At the United Nations Open-ended Informal Consultative Process on Oceans and the Law of the Sea’s 18th meeting in New York, which will be hosted between May 15 and 19, 2017, Nereus Program’s Director of Science, William Cheung, will be giving a presentation on the effects of climate change on fisheries. The theme of the meeting is “The effects of climate change on oceans.” Cheung’s presentation will be delivered within a segment of related presentations between 3:00pm and 6:00pm on Tuesday May 16, 2017 at Conference Room 2 of the Community Board. Detailed information regarding the itinerary of the meeting and information for participants can be found here.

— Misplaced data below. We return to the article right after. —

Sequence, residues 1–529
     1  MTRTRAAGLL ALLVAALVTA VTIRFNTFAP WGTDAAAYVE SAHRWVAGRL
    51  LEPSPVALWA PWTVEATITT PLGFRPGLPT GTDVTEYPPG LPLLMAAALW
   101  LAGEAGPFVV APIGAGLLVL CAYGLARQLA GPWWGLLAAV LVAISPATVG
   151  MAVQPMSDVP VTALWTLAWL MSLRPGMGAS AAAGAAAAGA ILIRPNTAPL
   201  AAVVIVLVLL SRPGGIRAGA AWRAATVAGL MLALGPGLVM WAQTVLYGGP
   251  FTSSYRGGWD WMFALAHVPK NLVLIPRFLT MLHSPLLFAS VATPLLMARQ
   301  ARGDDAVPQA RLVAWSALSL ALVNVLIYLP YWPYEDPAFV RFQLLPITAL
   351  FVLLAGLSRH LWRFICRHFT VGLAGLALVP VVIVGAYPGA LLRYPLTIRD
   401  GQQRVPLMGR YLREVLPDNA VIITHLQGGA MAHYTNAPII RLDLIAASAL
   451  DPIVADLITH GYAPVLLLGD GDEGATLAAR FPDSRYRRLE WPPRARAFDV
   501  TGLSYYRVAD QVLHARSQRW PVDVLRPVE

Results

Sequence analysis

Climate change alters ocean conditions, including seawater temperature, ocean acidity and oxygen level that affect the biology and ecology of marine fishes and invertebrates. As a result of ocean warming, marine fishes and shellfishes are shifting their distribution by 10s to 100s of kilometers towards higher latitude or 10s of meters to deeper waters where waters are cooler waters. Changes in ocean primary productivity are also impacting the reproduction of marine species, affecting the replenishment of fish stocks. These ecological impacts affect fisheries directly through reducing abundance of targeted fish stocks, impacting the effectiveness of fisheries management, and increasing disputes in the sharing of transboundary fisheries resources. These impacts will intensify in the future. Under the ‘business-as-usual’ scenario of climate change, global fisheries may suffer from a decrease in catch by more than 10% relative to now in the 21st century, leading to a loss of potential revenues of more than $10 billion per year. Tropical fisheries are highly vulnerable to climate change, with a potential decrease in fisheries catches of more than 30% by the 2050s in areas where people’s dependence on fish as a source of nutrients is also amongst the highest in the world. Mitigating climate change and meeting the Paris Agreement global warming targets can largely reduce climate impacts on fisheries. In addition, adaptation measures that have large co-benefits on coastal communities, including conserving and restoring fish stocks and critical habitats as well as improving capacity of fishing communities to response to changes, are important to ensure the long-term sustainability of marine fisheries under climate change.